Philadelphia mixing music and money in European tour

 Allison Vulgamore, President and Chief Executive Officer of the Philadelphia Orchestra announces the group's 2015 European tour. (Emma Lee/WHYY)

Allison Vulgamore, President and Chief Executive Officer of the Philadelphia Orchestra announces the group's 2015 European tour. (Emma Lee/WHYY)

The Philadelphia Orchestra has begun a 3-week tour of Europe, during which it will play 14 concerts in 10 cities, including Berlin, Paris, Vienna, and London, playing standard repertoire and a newly commissioned work from the young American composer Nico Muhly.

But it’s not just about the music. It’s about the economy.The Orchestra has toured Europe 18 times over the last 60 years, but this will be the first time it will travel with a significant entourage of officials from both the Philadelphia and Harrisburg trying to bolster business relationships in Europe, particularly Germany, France, and England.

“We typically used universities and businesses when we travel overseas and wanted attract trade and investment,” said Wilfred Muksen, deputy secretary of international business development for the Commonwealth of Pennsylvania. “But we think there’s a natural connection between one of our best-known attractions — very famous around the world — making that connection with economic development.”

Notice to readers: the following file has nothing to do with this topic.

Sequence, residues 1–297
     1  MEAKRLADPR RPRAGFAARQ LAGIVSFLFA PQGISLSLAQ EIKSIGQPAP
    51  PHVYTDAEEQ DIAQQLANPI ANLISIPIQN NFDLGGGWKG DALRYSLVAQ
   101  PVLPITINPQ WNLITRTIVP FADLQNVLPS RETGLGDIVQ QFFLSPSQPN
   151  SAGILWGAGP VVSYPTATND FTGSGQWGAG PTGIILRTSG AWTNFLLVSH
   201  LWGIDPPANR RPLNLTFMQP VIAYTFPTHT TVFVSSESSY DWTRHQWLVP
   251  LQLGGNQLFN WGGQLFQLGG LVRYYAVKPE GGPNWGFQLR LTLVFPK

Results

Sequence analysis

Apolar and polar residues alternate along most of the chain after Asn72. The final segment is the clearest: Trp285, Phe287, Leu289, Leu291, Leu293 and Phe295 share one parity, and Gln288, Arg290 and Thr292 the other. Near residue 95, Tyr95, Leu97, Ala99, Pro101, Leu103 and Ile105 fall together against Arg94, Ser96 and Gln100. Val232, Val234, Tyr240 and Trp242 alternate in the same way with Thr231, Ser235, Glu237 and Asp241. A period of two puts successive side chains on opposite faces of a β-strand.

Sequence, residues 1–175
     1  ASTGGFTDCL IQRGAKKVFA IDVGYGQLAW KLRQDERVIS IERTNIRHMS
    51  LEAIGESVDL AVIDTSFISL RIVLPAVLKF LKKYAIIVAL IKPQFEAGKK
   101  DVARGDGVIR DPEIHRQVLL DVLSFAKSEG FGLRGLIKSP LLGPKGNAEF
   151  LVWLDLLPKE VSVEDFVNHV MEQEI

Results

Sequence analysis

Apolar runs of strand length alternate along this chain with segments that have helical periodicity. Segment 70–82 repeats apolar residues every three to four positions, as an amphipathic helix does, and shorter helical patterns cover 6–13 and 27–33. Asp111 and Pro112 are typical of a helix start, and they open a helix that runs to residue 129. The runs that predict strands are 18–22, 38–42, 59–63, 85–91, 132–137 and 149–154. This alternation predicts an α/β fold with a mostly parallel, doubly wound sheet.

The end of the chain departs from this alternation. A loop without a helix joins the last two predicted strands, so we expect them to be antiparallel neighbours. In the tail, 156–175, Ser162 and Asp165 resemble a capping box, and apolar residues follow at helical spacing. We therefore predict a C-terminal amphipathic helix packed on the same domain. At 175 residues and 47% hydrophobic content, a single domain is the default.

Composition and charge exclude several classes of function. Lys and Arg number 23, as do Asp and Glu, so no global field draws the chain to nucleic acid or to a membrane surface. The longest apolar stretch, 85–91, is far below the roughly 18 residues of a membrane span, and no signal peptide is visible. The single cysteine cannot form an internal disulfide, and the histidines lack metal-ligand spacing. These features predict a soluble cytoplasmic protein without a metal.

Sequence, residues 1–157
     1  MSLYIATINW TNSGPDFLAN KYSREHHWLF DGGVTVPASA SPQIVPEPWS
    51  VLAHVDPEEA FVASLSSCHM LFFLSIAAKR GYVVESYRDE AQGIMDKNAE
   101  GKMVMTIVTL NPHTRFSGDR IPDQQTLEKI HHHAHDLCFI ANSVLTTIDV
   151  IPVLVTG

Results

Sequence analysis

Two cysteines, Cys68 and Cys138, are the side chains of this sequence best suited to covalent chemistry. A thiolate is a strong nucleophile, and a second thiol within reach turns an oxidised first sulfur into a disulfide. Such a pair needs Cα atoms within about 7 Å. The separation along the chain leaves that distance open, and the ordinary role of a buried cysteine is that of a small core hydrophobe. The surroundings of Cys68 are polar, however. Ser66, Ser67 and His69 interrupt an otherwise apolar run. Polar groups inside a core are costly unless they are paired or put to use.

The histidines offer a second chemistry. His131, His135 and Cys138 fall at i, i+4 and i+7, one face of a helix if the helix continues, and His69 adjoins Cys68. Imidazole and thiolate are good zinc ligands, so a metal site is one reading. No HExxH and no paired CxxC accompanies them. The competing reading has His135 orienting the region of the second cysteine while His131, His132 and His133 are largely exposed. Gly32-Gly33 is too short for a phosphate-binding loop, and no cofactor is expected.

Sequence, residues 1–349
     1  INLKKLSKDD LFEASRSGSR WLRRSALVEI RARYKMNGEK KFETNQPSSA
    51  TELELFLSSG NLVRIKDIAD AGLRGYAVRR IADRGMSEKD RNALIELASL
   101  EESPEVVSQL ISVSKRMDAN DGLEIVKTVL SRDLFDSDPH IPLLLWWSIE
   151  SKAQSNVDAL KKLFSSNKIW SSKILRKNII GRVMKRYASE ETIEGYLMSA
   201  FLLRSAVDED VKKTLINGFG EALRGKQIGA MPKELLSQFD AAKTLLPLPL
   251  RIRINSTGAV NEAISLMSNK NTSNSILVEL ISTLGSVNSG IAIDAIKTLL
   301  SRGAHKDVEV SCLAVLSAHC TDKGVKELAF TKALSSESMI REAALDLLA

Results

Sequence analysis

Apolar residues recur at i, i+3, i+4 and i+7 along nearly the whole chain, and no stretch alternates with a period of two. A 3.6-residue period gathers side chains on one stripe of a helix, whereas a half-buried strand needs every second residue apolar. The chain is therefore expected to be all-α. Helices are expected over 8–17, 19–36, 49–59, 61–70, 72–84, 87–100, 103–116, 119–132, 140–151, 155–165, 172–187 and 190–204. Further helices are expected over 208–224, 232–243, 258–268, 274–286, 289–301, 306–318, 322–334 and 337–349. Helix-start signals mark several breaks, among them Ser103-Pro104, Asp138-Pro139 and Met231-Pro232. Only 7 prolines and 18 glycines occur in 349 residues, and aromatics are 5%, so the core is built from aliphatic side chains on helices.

The Commonwealth maintains offices in several European cities, including Lyon and London, for building business relationships in those regions. For more than a year the Orchestra has been coordinating with city and state officials to line up a series of networking events with key figures.

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While the Orchestra plays Beethoven, Shostakovich, and Rachmaninoff, officials and business leaders will be hosting receptions to talk about things like manufacturing, health care, and plastics.

For example, a company making health care products — Sanofi — has an office in Malvern, Pa., but is headquartered in Lyon, France. At a reception for the Orchestra’s concert in Lyon, Philadelphia Deputy Mayor Alan Greenberger will be pressing flesh to see if Sanofi might consider expanding their Philadelphia operation.

“When we go to Lyon, meet with businesses whom we’ve been meeting with for a while,” said Greenberger. “The orchestra and the exchange of gifts make those conversations easier. Makes it easier to convince them to be here.”

This will also be the first European tour since the Orchestra has emerged from bankruptcy, and the first led by music director Yannick Nezet-Seguin. From the perspective of the Orchestra, the tour is a way to show Europe that it is still one of the best in the world.

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